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# How to determine the number of subnets and the

## number of hosts per subnet

Two formulas can provide this basic information:
Number of subnets = 2 s

## Number of hosts per subnet = 2 h - 2

Both formulas calculate the number of hosts or subnets based on the number of binary bits
used. For example if you borrow three bits from the host portion of the address use the
number of subnets formula to determine the total number of subnets gained by borrowing the
three bits. This would be 23 or 2 x 2 x 2 = 8 subnets
To determine the number of hosts per subnet you would take the number of binary bits used in
the host portion and apply this to the number of hosts per subnet formula If five bits are in the
host portion of the address this would be 2 5 or 2 x 2 x 2 x 2 x 2 = 32 hosts.
When dealing with the number of hosts per subnet you have to subtract two addresses from
the range. The first address in every range is the subnet number. The last address in every
the network which is why you have to subtract two addresses to find the number of usable
For example if two bits are borrowed for the network portion of the address you can easily
determine the number of subnets and hosts per subnets using the two formulas.

195. 223 . 50 . 0
The number of subnets
created by borrowing 2
bits is 2 2 or 2 x 2 = 4
subnets.

## The number of hosts created by

leaving 6 bits is 26 - 2 or
2 x 2 x 2 x 2 x 2 x 2 = 64 - 2 = 62

## What about that second subnet formula:

s

Number of subnets = 2 - 2
In some instances the first and last subnet range of addresses are reserved. This is similar to
The first range of addresses is the zero subnet. The subnet number for the zero subnet is
also the subnet number for the classful subnet address.
10

195. 223 . 50 . 0
195.223.50.0

to

195.223.50.255

## Class C Address subnetted (2 bits borrowed):

195. 223 . 50 . 0

195.223.50.0
(1) 195.223.50.64
(2) 195.223.50.128
(Invalid range) (3) 195.223.50.192
(Invalid range) (0)

to
to
to
to

195.223.50.63
195.223.50.127
195.223.50.191
195.223.50.255

The primary reason the the zero and broadcast subnets were not used had to do pirmarily with
the broadcast addresses. If you send a broadcast to 195.223.255 are you sending it to all 255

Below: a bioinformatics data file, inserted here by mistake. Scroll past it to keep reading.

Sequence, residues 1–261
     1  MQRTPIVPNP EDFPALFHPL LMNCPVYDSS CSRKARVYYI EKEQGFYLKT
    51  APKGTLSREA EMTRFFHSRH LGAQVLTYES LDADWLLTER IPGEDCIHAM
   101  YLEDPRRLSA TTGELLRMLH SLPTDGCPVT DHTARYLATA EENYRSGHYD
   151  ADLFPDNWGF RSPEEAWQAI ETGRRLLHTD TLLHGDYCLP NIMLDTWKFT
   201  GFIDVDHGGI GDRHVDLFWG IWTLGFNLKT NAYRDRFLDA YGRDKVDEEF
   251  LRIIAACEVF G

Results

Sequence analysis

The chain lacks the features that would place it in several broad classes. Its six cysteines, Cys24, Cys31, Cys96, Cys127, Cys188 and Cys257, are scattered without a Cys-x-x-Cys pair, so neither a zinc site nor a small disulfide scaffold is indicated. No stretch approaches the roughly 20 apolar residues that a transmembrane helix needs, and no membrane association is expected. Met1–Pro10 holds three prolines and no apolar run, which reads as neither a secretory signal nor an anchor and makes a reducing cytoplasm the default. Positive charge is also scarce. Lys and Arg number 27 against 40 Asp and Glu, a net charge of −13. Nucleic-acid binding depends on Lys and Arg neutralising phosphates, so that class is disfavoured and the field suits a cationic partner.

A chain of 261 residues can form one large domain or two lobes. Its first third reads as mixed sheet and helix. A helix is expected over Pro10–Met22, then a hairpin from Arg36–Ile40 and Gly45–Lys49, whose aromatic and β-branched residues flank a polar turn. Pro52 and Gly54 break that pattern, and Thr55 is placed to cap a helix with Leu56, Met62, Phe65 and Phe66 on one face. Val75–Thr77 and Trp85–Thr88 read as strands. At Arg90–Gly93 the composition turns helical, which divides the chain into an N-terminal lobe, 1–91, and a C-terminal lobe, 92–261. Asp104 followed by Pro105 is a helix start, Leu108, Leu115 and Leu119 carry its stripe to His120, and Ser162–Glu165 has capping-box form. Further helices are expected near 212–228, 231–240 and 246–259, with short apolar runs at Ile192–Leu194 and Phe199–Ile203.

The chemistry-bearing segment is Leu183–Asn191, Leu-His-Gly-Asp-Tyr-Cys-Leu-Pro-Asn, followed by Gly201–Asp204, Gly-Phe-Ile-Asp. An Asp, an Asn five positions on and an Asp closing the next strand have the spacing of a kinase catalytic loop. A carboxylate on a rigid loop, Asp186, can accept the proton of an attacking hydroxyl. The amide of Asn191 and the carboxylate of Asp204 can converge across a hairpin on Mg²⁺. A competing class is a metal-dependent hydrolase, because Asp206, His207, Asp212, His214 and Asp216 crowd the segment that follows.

The CCNA and CCENT certification exams may have questions which will require you to
determine which formula to use, and whehter or not you can use the first and last subnets. Use
the chart below to help decide.

s

## The ip subnet zero command is

configured on your router (default setting)
No other clues are given

Bottom line for the CCNA exams; if a question does not give you any clues as to whether or not
to allow these two subnets, assume you can use them.
s

## This workbook has you use the number of subnets = 2 formula.

11

ANDING With
When you take a single network such as 192.100.10.0 and divide it into five smaller networks
(192.100.10.16, 192.100.10.32, 192.100.10.48, 192.100.10.64, 192.100.10.80) the outside
world still sees the network as 192.100.10.0, but the internal computers and routers see five
smaller subnetworks. Each independent of the other. This can only be accomplished by using
a custom subnet mask. A custom subnet mask borrows bits from the host portion of the
address to create a subnetwork address between the network and host portions of an IP
address. In this example each range has 14 usable addresses in it. The computer must still
AND the IP address against the custom subnet mask to see what the network portion is and
which subnetwork it belongs to.

192 . 100 . 10 . 0
255.255.255.240

192.10.10.0 to 192.100.10.15
192.100.10.16 to 192.100.10.31
192.100.10.32 to 192.100.10.47 (Range in the sample below)
192.100.10.48 to 192.100.10.63
192.100.10.64 to 192.100.10.79
192.100.10.80 to 192.100.10.95
192.100.10.96 to 192.100.10.111
192.100.10.112 to 192.100.10.127
192.100.10.128 to 192.100.10.143
192.100.10.144 to 192.100.10.159
192.100.10.160 to 192.100.10.175
192.100.10.176 to 192.100.10.191
192.100.10.192 to 192.100.10.207
192.100.10.208 to 192.100.10.223
192.100.10.224 to 192.100.10.239
192.100.10.240 to 192.100.10.255
Sub
Network Host

Network

## IP Address: 1 1 0 0 0 0 0 0 . 0 1 1 0 0 1 0 0 . 0 0 0 0 1 0 1 0 . 0 0 1 0 0 0 0 1 (192 . 100 . 10 . 33)

Custom Subnet Mask: 1 1 1 1 1 1 1 1 . 0 1 1 1 1 1 1 1 . 1 1 1 1 1 1 1 1 . 1 1 1 1 0 0 0 0 (255 . 255 . 255 . 240)
AND: 1 1 0 0 0 0 0 0 . 0 1 1 0 0 1 0 0 . 0 0 0 0 1 0 1 0 . 0 0 1 0 0 0 0 0 (192 . 100 . 10 . 32)
Four bits borrowed from the host
portion of the address for the
The ANDING process of the four borrowed bits
shows which range of IP addresses this